I would like to present another perspective. Do you see:

… how hopeless life appears to be for Canadian Indians?

…any hope within the narrative?

….the underlying narrative as containing anything redemptive or solution focused?

Let me be clear here. I am not an Aboriginal Canadian. I am Indigenous Aotearoa.  The video presents facts. It highlights problems, and these are very serious.

But here is the issue for me, as an indigenous person: where is there any evidence of the people going forward or doing things positive? Is there any data that points to things that are working?

Now perhaps the purpose of the video is to present how hopeless the situation is for many. But I think it is necessary to say that in Aotearoa NZ, we have moved away from simple representations like this: where “life is fulll of despair, and the indigenous people are totally screwed!”

If you want the literature on this, read anything from my relative, Professor Linda Tuhiwai Smith and her work on Decolonising Methodologies. (Check a review on her classic work here http://www.culturalsurvival.org/ourpublications/csq/article/decolonizing-methodologies-research-and-indigenous-peopls)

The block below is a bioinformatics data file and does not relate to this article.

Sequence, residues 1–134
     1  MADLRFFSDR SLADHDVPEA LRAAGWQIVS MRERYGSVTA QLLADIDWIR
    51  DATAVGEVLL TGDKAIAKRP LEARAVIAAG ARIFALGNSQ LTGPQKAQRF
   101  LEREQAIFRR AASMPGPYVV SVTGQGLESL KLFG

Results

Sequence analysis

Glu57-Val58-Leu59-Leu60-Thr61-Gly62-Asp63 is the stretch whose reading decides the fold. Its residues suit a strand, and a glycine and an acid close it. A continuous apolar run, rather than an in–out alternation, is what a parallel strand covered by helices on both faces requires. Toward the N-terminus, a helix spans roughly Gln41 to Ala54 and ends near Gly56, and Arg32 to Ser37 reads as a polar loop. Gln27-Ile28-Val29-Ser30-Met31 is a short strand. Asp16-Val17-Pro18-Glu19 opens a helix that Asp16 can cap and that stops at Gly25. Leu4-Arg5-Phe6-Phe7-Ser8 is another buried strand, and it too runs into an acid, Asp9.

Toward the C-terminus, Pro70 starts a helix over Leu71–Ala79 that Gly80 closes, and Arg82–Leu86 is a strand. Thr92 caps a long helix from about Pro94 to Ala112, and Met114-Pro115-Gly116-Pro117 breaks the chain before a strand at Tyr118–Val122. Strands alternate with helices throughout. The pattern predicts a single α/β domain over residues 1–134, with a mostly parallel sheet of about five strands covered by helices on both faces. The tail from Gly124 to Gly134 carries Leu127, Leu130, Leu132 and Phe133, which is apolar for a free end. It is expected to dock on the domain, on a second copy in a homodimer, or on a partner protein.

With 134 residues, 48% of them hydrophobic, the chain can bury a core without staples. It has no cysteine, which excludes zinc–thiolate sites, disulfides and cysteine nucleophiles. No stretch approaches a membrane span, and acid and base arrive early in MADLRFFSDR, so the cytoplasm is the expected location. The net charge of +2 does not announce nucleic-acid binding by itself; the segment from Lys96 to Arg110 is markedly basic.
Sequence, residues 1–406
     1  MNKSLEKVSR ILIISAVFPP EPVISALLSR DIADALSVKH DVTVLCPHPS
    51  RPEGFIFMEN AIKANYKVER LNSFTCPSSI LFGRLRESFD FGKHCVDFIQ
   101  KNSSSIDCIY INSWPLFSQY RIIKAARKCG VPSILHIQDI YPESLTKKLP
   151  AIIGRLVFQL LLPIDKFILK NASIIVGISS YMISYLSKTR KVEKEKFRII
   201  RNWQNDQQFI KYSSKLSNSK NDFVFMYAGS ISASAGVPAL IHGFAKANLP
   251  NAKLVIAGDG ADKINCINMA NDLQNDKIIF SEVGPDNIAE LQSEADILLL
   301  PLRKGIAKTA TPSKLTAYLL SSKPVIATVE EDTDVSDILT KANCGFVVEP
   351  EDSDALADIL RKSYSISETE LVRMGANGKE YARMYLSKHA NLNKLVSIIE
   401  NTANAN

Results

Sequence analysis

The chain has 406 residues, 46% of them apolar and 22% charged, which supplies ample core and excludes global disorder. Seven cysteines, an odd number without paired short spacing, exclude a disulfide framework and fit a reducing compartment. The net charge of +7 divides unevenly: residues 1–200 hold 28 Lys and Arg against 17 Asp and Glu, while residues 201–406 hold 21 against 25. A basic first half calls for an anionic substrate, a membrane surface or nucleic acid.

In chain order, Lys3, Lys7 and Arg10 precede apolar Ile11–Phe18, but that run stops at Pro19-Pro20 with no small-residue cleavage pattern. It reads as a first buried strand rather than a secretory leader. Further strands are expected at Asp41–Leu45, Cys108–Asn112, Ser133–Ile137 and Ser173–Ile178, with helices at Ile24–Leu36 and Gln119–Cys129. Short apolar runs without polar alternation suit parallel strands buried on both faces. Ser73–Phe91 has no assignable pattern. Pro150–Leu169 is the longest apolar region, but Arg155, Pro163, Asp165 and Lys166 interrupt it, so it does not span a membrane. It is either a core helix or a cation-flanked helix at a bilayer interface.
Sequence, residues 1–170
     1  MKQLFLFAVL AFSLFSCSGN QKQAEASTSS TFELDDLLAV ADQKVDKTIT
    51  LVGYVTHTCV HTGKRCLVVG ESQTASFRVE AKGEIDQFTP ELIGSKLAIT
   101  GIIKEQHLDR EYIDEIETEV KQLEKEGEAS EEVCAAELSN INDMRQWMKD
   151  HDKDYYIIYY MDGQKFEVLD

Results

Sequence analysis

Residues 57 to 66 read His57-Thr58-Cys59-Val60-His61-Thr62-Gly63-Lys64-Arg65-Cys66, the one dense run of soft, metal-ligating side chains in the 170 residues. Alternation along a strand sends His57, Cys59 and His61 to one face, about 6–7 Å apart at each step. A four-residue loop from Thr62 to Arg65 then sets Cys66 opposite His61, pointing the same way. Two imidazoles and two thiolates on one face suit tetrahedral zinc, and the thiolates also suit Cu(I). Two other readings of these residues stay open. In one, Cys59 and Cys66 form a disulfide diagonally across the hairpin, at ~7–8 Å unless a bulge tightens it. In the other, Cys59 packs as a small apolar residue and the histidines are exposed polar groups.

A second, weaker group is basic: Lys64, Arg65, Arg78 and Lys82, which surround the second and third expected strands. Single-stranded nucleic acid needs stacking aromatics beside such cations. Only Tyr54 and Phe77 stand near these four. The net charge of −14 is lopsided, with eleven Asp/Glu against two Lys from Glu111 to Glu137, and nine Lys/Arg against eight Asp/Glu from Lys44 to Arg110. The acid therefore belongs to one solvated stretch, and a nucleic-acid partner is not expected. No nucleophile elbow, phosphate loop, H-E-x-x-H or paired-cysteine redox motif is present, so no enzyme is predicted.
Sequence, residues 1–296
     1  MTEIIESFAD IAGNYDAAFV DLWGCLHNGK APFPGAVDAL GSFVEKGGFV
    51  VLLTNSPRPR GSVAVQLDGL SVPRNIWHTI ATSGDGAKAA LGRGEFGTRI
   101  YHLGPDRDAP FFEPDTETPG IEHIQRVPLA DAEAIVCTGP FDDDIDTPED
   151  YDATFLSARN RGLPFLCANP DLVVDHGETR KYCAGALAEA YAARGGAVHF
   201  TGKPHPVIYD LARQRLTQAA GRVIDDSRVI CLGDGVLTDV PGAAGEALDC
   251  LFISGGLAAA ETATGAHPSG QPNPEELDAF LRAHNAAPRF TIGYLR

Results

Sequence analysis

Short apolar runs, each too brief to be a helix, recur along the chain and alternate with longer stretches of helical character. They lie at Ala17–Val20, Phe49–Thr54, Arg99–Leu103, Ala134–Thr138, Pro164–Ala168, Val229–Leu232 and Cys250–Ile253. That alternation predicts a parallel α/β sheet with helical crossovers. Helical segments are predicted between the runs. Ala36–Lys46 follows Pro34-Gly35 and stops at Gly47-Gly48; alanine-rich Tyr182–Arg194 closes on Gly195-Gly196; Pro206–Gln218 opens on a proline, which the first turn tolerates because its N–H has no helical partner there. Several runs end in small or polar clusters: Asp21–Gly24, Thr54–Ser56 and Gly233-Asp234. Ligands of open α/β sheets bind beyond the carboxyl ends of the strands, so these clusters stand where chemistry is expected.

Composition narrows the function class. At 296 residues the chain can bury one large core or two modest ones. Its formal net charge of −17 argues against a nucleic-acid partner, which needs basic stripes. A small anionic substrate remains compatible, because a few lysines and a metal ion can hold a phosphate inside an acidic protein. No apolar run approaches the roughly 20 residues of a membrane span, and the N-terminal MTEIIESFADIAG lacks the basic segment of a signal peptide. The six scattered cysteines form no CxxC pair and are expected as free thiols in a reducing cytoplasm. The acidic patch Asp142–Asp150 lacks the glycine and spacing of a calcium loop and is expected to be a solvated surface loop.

The point is that in this video, even though I suspect the author did not intend it, has created a key implicit and subliminal message that is very disempowering. It is as if indigenous people need anyone outside of our own community, from government to churches, to save them.

In Aotearoa NZ, we don’t really like do these messages anymore. Linda Tuhiwai Smith and Mason Durie and other researchers have created more proactive, indigenous led frameworks of development that mean we need to be careful about the messages we send through research – whether intended or not.

Because ultimately, the messages in this video are colonial. They make indigenous people seem lesser, unable, and incapable of developing solutions.